Published: January 19, 2021
Review by Madelia Hickman Ring, Photos Courtesy Lark Mason Associates
NEW BRAUNFELS, TEXAS & ONLINE – For those who think Lark Mason Associates only sells Chinese and Asian works of art and antiquities, think again. To be sure, that category is the undisputed bread and butter for the eponymous firm started by Chinese and Asian works of art expert, Lark E. Mason, but the company has, for some time, been expanding its purview and is making greater strides to incorporate a wider variety of collecting categories. To that end, the “Objects for an Elegant Lifestyle” sale totaled about $160,000 with nearly 80 percent of lots selling. The auction, which was online from December 15 to January 7, was conducted exclusively on www.igavelauctions.com.
It was, in the words of Mason’s son, Lark E. Mason III, “a litmus test for the year to come. It was an interesting sale, with very good results. We did not put anything of very high value in; it was a big mix of things. We had a nice collection of Spanish retablos that sold well, and some militaria that was an experiment.”
Mason noted that they have seen a tremendous number of new registrants but also several longtime buyers have become more active since the pandemic began. He said he has been doing a lot of writing and blogging about the auction world to better educate the public.
A large collection of Lalique glass that Lark Mason Associates offered in 2019 attracted the attention of collectors of Lalique and a couple pieces in the sale benefitted from that interest, with the sale’s top price of $10,626 going for an electric blue and white stained “Sauterelles” vase that was signed R. Lalique. The piece was not in perfect condition and had previously sold but was being reoffered after the buyer defaulted on payment. It was bought by the same buyer of a signed Rene Lalique amber and white stained “Archers” vase, which was from the same collection as the “Sauterelles” vase. It sold for $5,625 despite some condition flaws.
The second highest price paid in the sale was $7,581 for a gold coin charm bracelet. The local consignor of the bracelet had received the coins from her grandfather, who had given them to her when he traveled for work; she had them made into this bracelet and a necklace, which was also offered for sale. The bracelet featured nine American, British, Italian and Venezuelan gold coins. The necklace was made of 11 coins from South Africa, Venezuela, Austria, Switzerland, Costa Rica and the United States and achieved $5,125. Other notable jewelry results included a midcentury design 18K yellow gold bracelet that made $3,944; an 18K yellow gold link necklace that achieved $3,312 and, for $1,875, a 14K white gold one-carat pear shaped diamond ring with jacket.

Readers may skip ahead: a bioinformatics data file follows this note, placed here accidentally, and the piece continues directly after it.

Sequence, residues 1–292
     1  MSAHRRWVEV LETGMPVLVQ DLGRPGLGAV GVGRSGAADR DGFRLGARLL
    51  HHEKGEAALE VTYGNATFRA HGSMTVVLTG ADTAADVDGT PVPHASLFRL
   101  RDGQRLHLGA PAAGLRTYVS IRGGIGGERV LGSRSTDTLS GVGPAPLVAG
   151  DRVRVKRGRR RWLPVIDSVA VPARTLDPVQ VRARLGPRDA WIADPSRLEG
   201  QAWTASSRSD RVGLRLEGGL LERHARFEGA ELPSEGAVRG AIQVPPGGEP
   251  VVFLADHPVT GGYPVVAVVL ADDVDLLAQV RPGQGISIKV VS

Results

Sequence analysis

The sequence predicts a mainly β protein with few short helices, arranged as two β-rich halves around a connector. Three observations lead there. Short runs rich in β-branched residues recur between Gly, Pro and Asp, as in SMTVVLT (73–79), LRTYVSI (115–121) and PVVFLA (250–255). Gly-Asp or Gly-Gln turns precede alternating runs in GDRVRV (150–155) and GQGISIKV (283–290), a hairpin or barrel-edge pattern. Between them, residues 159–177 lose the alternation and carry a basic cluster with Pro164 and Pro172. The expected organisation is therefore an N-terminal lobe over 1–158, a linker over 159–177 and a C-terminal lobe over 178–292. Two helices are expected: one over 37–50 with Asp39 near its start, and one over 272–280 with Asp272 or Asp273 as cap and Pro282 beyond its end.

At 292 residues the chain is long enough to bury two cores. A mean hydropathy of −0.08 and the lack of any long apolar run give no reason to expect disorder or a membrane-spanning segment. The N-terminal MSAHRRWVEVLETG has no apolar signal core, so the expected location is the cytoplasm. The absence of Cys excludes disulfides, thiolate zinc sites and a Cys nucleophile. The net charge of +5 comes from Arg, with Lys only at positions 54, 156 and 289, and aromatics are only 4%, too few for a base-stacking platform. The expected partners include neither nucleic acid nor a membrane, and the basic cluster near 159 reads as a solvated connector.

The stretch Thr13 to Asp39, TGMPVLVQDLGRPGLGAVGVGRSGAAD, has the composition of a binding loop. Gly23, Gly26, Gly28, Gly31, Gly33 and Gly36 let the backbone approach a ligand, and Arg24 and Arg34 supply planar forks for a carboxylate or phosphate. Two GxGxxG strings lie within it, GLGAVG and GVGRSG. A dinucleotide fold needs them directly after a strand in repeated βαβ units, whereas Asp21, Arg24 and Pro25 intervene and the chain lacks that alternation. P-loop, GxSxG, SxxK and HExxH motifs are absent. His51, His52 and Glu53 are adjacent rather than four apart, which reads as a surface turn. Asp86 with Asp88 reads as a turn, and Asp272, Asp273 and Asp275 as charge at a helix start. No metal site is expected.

A little more than a year ago, Lark Mason Associates offered the personal collection of celebrated chef Anthony Bourdain. The sale was topped by $231,250 paid for Bourdain’s steel and meteorite chef’s knife that had been custom-made by Bob Kramer, who is considered one of America’s best bladesmiths. According to Mason, Kramer’s custom-made knives are not available for purchase directly, so when custom-made Kramer knives come on the market, people pay attention. The sale featured two of Kramer’s knives, both in the Damascus pattern from the same collection and both selling to the same buyer. Bringing $6,250 was a knife with 10-inch blade and Kramer cutting board, the other was an 8-inch knife that finished at $5,375.